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No suspension of 5 percent hike in PhilHealth contribution

Rhodina Villanueva - The Philippine Star
No suspension of 5 percent hike in PhilHealth contribution
Individuals continue to avail services as face-to-face operations and transactions continue at the Philippine Health Insurance Corp. (PhilHealth) in Quezon City on September 26, 2023.
STAR / Michael Varcas

‘Palace did not oppose increase’

MANILA, Philippines — There will be no suspension in the five percent increase in premium contribution to the Philippine Health and Insurance Corp. (PhilHealth) after Malacañang gave its approval to continue with its implementation.

At a press briefing yesterday, PhilHealth president and chief executive officer Emmanuel Ledesma said a letter sent to PhilHealth by Executive Secretary Lucas Bersamin days ago noted that Malacañang did not oppose the five percent increase in premium rate that was implemented starting Jan. 1.

“We wrote Malacañang. We were seeking clarification and direction as to the implementation of the increase in contribution. Their reply was, ‘After a very thorough study on the premium contribution increase, we pose no objection on the scheduled increase, which was implemented on Jan. 1,’ ” Ledesma said.

“After a thorough discussion among all parties involved, I think it was agreed upon, and I think this one percent (from four to five percent) increase in premium is not that much compared to the increase in benefits,” he added.

Ledesma stressed: “We are just implementing what is stated in the law. It was suspended last year and this year, members can really feel the benefits, given the increase.”

The state health insurer earlier issued an advisory that the increase for premium contributions already took effect starting Jan. 1, 2024.Under Republic Act 11223 or the Universal Health Care Act of 2019, the increase in premium rate started in 2020 at three percent and was supposed to be followed by a hike to 3.5 percent in 2021, four percent in 2022, 4.5 percent in 2023 and five percent in 2024.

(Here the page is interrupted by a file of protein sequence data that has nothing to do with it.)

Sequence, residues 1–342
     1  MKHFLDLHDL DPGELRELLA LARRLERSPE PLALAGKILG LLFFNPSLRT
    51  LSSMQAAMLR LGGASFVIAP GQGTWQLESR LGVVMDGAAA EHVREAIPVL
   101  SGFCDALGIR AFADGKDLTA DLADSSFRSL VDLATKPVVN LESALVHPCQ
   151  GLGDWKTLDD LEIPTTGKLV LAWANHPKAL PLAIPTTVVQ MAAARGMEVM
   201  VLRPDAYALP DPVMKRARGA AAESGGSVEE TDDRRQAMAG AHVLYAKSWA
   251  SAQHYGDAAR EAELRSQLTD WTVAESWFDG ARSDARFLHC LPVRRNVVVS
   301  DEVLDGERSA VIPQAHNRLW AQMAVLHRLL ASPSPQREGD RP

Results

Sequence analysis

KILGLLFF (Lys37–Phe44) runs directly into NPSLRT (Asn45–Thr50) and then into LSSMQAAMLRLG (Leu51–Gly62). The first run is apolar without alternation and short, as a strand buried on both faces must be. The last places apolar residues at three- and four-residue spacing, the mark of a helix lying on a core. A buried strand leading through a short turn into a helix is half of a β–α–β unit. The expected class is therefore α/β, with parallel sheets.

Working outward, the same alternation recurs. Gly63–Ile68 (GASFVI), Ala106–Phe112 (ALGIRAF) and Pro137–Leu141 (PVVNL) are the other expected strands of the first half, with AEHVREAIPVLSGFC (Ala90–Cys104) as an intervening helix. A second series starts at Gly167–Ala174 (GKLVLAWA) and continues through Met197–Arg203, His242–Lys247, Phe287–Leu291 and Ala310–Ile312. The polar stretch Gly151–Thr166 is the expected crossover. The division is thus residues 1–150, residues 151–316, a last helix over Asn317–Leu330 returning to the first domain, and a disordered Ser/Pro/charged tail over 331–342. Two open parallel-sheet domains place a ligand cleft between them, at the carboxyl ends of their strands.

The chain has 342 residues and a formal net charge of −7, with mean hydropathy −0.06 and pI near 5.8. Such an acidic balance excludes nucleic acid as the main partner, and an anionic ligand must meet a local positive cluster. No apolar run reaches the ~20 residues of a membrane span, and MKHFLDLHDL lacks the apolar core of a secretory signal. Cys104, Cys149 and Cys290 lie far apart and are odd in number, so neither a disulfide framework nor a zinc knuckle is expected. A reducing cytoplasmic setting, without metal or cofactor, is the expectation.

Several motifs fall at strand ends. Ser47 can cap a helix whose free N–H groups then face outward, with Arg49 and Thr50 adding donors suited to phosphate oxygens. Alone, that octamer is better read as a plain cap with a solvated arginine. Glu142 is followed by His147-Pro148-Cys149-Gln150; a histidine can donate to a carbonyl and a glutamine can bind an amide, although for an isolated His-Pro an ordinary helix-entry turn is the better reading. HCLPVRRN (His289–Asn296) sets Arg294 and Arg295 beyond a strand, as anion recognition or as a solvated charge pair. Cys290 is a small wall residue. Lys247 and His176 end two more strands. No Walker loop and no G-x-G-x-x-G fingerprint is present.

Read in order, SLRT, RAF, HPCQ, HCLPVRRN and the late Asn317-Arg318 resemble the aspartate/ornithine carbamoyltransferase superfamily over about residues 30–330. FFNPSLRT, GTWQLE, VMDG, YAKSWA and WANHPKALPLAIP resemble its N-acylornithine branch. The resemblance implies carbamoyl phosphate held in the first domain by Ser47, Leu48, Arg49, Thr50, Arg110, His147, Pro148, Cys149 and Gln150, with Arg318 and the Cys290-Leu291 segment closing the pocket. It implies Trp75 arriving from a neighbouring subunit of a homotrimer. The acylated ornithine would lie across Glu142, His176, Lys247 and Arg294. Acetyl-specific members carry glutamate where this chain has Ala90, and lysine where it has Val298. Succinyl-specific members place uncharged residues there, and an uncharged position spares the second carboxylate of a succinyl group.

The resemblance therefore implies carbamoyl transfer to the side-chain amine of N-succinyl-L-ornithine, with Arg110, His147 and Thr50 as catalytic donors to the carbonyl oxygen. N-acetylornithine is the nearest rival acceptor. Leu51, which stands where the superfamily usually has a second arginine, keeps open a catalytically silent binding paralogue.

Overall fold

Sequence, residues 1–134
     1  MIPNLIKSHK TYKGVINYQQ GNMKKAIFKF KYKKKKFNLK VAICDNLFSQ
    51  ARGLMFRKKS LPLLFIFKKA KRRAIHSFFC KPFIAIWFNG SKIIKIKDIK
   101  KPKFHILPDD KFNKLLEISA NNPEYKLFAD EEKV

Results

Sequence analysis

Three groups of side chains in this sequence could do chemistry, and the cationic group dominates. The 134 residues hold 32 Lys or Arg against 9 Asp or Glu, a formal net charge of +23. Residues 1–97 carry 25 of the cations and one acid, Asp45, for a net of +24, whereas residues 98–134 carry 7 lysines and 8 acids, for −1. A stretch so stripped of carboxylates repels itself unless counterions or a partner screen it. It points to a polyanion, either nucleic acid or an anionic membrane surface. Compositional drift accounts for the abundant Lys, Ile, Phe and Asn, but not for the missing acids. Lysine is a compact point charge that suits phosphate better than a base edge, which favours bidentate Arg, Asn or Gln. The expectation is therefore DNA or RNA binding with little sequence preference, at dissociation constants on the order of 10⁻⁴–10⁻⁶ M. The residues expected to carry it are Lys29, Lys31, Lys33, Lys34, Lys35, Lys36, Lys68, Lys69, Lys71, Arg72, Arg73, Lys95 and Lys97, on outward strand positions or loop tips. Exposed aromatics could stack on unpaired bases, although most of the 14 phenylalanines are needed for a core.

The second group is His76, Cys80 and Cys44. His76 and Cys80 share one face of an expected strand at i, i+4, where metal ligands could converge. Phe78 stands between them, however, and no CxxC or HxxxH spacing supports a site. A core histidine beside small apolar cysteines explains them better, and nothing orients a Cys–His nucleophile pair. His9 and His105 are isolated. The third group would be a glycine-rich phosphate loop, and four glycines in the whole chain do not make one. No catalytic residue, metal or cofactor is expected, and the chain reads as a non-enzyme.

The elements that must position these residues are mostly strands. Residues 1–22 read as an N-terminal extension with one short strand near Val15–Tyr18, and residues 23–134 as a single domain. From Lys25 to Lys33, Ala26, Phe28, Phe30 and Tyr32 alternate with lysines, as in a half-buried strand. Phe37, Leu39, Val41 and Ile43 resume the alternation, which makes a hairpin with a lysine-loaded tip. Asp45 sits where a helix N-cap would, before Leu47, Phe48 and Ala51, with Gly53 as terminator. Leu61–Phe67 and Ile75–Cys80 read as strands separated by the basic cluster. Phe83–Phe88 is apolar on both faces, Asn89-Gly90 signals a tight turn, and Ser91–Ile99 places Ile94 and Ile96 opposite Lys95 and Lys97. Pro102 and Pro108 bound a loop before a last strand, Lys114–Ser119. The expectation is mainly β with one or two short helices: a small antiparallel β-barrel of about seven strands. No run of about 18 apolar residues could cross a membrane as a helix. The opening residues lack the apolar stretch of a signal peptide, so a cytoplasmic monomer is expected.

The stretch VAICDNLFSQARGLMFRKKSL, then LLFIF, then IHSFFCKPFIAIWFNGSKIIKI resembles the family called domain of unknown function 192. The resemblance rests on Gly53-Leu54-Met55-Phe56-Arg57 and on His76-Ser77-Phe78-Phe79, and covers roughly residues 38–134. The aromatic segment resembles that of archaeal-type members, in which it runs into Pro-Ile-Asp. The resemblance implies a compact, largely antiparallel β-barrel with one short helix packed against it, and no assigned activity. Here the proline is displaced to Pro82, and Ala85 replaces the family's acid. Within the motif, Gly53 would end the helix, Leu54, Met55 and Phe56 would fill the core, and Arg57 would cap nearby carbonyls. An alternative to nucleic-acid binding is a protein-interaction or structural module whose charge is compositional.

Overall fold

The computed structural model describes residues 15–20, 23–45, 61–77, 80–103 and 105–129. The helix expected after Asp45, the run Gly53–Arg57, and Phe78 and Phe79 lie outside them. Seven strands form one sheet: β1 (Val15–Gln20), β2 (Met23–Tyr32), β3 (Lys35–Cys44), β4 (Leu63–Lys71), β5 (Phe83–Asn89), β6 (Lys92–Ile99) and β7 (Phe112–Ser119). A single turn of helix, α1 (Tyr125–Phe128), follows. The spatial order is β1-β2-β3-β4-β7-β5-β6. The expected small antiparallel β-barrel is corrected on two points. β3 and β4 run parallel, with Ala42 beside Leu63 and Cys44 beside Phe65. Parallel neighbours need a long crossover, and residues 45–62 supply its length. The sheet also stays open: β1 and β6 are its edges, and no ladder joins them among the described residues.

In 2021, PhilHealth suspended the rate hike of three percent to 3.5 percent due to the COVID-19 pandemic.

Under review

The PhilHealth’s premium rate increase implemented last month is being closely reviewed by President Marcos to make sure it significantly improves members’ benefits, Malacañang said on Friday.

“The review is still ongoing. The President wants to ensure that any increase in premium will substantially be much more in value in terms of benefits and coverage to PhilHealth members,” Presidential Communications Office Secretary Cheloy Garafil told Palace reporters.

Ledesma on Friday said the five-percent increase in premium contributions would be sustained, as the Office of the President expressed through a letter that “they pose no objection” to the increase.

Last month, Health Secretary Teodoro Herbosa proposed the suspension of the premium rate hike, saying that this would not affect the state insurer’s financial standing.

“It (PhilHealth) will not be hurt by delaying the increase in premium,” Herbosa said at a media forum in January.

Last year, Marcos ordered the deferral of the scheduled hike in the PhilHealth premium rate from four percent to 4.5 percent and income ceiling from P80,000 to P90,000, citing “socioeconomic challenges” and “difficult times.”

PhilHealth earlier said the premium rate increase would affect individuals whose salaries are ranging from P10,000 to P100,000.

Individuals earning P10,000 will now be required to contribute P500 to PhilHealth, while those who earn P10,000.01 to P99,999.99 will face deductions varying from P500 to P5,000.

The state insurer is expecting an additional P17 billion in revenues due to the increased premium rates.

PhilHealth to lose P20 billion

PhilHealth stands to lose around P20 billion if the proposal to suspend premium contributions of minimum wage earners will push through.

“There are 5.78 million minimum wage earners contributing P19.6 billion to PhilHealth. So, the amount that we will not be able to keep is roughly P20 billion,” Ledesma said at a press conference on Friday.

However, Ledesma said that even if this proposal gets implemented, PhilHealth’s fund will not be depleted.

“The agency’s cash position is good, so at the end of the day, our heads will still be above water so we’ll still manage,” he pointed out, adding that they are ready to discuss the issue with lawmakers led by Marikina 2nd District Rep. Stella Quimbo.

Quimbo filed a House resolution on Tuesday urging the state health insurer to suspend premium payments from minimum wage earners, employed or self-employed.

The lawmaker sought the suspension pending review of the expansion of PhilHealth member benefits. — Helen Flores

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